GRAND RAPIDS, Mich. (WOOD) — Scientists have long known how beneficial earthworms are for soil, and that concept has taken root in one composting business in West Michigan.

Luis Chen started his micro-hauling business called Wormies in 2018, using vermicomposting, in other words, worm composting.

“I was looking to grow healthier food, and I just came to the realization that everything starts with the soil, healthy soil will grow healthy plants … I couldn’t find a person that would do (composting) for me, so I started doing it myself at home. Then people around me started getting interested in this idea,” Chen explained.

Vermicomposting is different than traditional composting, although the process begins the same. Chen’s business gives its 600 customers buckets for their food scraps, which the company then picks up weekly or bi-weekly. Those scraps go into piles at the Wormies Farm in Alto, where the more commonly known process of hot composting begins.

“There’s a set of microorganisms in there, breaking down all of that stuff and the heat they’re producing, just from eating and reproducing and doing all their things, is breaking down all those food scraps and leaves a lot more rapidly,” Chandler Michalsky, operations manager, said.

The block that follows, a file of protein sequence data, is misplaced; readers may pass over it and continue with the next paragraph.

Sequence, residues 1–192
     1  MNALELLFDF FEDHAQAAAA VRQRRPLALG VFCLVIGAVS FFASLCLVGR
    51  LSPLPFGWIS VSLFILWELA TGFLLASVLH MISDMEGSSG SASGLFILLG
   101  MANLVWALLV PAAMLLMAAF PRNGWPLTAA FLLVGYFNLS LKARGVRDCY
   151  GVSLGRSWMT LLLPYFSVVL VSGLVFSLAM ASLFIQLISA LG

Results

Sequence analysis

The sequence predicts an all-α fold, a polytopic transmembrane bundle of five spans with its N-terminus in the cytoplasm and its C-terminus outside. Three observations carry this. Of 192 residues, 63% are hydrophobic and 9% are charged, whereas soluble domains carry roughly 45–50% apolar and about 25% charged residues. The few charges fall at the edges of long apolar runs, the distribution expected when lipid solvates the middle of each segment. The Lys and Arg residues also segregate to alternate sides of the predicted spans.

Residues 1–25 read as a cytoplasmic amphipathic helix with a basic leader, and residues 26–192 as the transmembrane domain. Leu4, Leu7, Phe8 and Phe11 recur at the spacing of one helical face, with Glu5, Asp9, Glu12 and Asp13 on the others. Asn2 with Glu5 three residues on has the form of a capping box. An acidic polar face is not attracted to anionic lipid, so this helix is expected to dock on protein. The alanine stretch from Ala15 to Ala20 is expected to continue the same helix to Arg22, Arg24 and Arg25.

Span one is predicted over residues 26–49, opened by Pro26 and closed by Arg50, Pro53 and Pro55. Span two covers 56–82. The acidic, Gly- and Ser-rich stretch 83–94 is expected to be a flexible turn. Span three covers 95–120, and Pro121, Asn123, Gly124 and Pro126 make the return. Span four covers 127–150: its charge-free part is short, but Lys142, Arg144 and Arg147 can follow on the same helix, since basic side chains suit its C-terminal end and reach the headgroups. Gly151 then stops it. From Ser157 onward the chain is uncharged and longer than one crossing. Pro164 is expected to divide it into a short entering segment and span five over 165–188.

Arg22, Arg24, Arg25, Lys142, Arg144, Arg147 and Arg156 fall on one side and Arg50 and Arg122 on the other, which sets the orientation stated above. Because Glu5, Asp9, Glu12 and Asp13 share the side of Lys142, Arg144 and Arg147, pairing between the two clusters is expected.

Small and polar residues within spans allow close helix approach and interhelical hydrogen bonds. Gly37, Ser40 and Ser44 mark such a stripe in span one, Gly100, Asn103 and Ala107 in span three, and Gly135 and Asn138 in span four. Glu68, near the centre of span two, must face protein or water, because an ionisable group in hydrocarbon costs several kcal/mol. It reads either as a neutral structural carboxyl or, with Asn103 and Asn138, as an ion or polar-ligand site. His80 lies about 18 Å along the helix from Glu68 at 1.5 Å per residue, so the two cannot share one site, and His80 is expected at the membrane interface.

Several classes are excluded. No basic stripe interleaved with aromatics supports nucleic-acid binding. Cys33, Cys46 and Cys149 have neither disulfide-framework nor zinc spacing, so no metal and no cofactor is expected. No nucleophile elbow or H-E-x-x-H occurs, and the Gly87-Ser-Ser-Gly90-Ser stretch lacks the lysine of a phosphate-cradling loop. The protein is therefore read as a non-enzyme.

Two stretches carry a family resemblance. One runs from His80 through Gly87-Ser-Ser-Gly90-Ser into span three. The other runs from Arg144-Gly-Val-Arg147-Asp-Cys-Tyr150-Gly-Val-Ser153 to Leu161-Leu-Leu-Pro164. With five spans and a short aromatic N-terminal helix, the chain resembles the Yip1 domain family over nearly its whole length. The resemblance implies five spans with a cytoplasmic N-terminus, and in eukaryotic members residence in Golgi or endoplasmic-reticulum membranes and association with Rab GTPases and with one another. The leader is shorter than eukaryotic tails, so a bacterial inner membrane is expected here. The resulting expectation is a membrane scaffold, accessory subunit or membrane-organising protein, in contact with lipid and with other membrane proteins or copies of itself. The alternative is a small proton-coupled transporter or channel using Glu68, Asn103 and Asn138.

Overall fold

A pile at the farm started two weeks ago was at 150 degrees on Thursday, with no signs of food scraps.

“Most composing companies, at this point, would bag it up and they’d sell it. But, if you look at that under the microscope, you’re going to find some bacteria, but that’s about it,” Michalsky said.

According to Michalsky, putting in the extra time and letting worms work through those piles for the next eight or 10 months makes a big difference.

“You end up with compost that is loaded full of beneficial microorganisms, a whole lot more than just bacteria … it’s got fungi, protozoa and nematodes and archaea, it’s what’s called bio-complete compost, it’s got the whole entire soil foodweb in there,” he added.

Wormies gives each customer a share of the soil the company produces. Chen also offers workshops where he teaches customers how to do the worm composting at home and supplies them with the materials they’ll need, but he says most customers prefer the pick-up option.

“They’re happy we do it for them. We compost it, and they get back the soil, so they don’t really have to have a pile in their backyards. They’re happy this is not going into the landfill, turning into methane or greenhouse gas … it just contaminates the air and the ground, so by composting it you’re preventing all of that from happening,” he explained.